Alaska Mix Nasturtium Seeds
Alaska Mix nasturtium seeds produce a mix of gold, orange, red, and yellow flowers with variegated leaves. This dwarf variety is a beautiful must-have in the veggie garden, both in beds and containers. Nasturtiums are easy to direct sow; they require little care but are happiest when grown in the cooler months with ample moisture. Flowers and leaves are edible with a flavor similar to arugula.
Planting by Zones
- Nasturtium is a cool-season crop in Zones 9 and 10. Plant nasturtium from winter to spring. Seasonal rains followed by regular watering will keep the plant blooming from early spring through late summer.
- Direct sow two weeks before the last frost or start indoors 3-4 weeks before the last frost.
Planting Nasturtium Seeds
- In Zones 9 and 10, it is best to direct seed in full sun.
- To direct sow, individually plant, or broadcast seeds in debris-free, well-worked soil that has been deeply watered. Cover well with 1/2″ of finely sifted soil; seeds require darkness for germination. Scarifying (scratching) the seed coat to allow water in will help the seed take on the water quicker and germinate quicker. Nasturtium is not fussy and can be grown in poor, well-draining soil.
- If you are planting seeds in starter pots, plant seeds into thoroughly moist high-quality seed starting soil. Cover well with 1/2″ of finely sifted soil; seeds require darkness for germination.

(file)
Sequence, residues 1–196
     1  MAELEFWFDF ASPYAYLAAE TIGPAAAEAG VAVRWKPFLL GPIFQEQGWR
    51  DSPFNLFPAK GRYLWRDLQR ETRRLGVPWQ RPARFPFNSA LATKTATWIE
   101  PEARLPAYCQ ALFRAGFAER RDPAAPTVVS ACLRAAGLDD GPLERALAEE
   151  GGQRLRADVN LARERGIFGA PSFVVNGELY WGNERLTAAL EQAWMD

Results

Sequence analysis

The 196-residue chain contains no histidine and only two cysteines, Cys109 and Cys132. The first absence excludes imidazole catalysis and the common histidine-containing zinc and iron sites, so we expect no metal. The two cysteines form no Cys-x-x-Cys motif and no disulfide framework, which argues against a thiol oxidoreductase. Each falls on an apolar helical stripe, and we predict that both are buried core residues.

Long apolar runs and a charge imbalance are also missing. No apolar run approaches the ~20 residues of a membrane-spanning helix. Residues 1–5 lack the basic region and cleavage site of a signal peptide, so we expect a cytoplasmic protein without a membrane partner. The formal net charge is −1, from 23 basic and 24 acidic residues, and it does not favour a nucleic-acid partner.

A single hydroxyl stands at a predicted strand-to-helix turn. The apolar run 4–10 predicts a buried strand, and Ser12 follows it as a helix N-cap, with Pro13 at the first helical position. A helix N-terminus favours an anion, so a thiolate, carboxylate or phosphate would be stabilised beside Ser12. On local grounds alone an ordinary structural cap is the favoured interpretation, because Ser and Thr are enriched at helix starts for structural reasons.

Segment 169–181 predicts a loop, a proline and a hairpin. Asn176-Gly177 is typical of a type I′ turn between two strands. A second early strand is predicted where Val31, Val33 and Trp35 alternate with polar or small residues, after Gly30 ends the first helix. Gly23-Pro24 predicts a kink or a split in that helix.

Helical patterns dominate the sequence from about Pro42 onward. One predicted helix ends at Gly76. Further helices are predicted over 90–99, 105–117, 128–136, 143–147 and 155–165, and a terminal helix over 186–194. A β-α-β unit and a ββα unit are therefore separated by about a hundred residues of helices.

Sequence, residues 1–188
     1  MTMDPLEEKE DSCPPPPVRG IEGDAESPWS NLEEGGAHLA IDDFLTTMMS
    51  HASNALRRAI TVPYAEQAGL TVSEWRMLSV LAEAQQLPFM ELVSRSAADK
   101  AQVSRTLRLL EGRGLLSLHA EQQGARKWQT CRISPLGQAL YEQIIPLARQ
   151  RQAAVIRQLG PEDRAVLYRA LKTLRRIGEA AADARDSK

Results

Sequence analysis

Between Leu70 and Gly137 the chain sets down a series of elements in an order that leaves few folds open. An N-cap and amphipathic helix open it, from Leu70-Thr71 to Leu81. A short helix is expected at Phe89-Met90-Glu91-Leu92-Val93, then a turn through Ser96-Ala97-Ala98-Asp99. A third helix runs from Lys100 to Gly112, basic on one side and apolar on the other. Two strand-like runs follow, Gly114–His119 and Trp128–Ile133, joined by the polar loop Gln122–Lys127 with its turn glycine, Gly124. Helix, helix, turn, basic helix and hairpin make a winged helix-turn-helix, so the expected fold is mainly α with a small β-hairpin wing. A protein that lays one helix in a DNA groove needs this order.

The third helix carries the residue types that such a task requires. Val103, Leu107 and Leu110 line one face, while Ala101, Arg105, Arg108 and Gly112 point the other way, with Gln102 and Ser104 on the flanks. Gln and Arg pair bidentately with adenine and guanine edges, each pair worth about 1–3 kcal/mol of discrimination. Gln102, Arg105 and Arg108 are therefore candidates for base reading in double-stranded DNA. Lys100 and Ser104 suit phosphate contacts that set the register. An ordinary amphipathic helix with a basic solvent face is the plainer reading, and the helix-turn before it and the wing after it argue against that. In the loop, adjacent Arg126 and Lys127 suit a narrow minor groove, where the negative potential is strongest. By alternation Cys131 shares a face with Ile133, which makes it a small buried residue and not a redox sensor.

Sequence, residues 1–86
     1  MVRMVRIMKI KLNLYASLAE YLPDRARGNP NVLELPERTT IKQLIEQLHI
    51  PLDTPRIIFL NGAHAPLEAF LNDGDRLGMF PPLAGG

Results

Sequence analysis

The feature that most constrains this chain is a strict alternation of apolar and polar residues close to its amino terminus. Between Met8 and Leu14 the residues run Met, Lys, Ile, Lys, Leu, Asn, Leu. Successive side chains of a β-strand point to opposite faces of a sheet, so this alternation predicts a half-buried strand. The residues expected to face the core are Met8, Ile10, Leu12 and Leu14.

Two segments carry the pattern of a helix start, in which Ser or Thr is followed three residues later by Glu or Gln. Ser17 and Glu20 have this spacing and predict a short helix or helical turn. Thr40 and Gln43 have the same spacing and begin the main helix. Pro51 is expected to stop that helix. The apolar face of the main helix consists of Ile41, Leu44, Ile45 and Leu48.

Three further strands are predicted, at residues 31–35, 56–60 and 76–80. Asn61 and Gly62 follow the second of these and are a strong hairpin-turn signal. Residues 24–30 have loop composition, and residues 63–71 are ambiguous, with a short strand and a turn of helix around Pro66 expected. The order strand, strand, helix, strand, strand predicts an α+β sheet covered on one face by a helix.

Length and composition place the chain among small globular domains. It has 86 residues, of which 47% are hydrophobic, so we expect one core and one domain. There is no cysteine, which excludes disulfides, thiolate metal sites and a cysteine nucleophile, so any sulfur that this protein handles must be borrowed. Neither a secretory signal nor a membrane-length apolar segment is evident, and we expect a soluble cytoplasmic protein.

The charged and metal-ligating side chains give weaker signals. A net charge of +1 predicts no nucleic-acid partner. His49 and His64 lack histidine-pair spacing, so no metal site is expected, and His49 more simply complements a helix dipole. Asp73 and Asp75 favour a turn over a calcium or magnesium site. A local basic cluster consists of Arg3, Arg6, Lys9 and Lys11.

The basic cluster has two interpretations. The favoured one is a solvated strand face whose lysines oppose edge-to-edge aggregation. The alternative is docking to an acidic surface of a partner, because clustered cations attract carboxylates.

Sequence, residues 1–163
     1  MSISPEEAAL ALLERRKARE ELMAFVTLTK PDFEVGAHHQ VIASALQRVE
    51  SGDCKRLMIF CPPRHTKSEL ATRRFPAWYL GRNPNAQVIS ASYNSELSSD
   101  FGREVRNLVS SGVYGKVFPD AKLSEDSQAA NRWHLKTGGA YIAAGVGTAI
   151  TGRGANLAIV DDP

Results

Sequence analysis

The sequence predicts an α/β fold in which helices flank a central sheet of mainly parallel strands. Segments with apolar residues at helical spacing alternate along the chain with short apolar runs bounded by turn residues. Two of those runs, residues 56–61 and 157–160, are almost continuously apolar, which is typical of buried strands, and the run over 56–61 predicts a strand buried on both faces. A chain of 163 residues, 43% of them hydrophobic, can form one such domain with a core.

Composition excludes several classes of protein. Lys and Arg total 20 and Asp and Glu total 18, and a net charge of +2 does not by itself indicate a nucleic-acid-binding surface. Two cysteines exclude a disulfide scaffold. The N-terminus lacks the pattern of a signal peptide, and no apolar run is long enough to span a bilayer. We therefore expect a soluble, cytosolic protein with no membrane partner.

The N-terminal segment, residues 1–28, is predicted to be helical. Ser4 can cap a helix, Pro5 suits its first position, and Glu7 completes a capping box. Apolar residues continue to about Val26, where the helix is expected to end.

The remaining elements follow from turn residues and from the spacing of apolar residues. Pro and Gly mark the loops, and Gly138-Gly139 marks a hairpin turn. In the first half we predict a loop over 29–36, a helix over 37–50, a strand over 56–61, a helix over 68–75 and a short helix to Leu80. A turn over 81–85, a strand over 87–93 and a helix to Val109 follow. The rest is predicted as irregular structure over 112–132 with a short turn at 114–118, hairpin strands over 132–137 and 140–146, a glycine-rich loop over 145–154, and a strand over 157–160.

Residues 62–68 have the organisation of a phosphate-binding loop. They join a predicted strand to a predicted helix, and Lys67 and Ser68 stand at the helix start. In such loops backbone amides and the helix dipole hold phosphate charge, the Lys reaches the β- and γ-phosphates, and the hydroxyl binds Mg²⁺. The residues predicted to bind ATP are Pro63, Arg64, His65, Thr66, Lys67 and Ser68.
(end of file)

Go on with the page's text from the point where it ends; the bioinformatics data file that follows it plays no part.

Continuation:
- Space plants 8-12″ apart.
- Nasturtium is easy to grow! Climbing and trailing varieties will need climbing support or room on the ground for spreading out.
- Mulching heavily around your plants will help with weed suppression and moisture retention.
- Harvest regularly or deadhead the flowers for more continuous blooms.
- All parts of nasturtium have culinary applications. Ornate flowers and foliage have a spicy, peppery flavor. Leaves may be harvested for salads, pesto, dips, or even used in place of grape leaves for dishes similar to Greek dolmades. Young green seeds may be gathered and pickled like capers.
- Harvest fully open flowers at any time of day.
Growing Nasturtium in Containers
- Nasturtium is a great plant to grow in a container. 3-5 plants are ideal for a hanging basket or container. Make sure your container is at least 10″ deep. Keep in mind containers will dry out faster because they have more surface area and less soil to hold onto moisture. Mulch heavily on the top layer of soil in the pot to keep the soil from drying out or heating up too much.
- Nasturtium is one of the first flowers to welcome spring! In the garden, you can use it to attract pests away from veggie crops. Crops such as cucumber, squash, and tomato may benefit from nearby nasturtium. Butterflies and other pollinators love it too.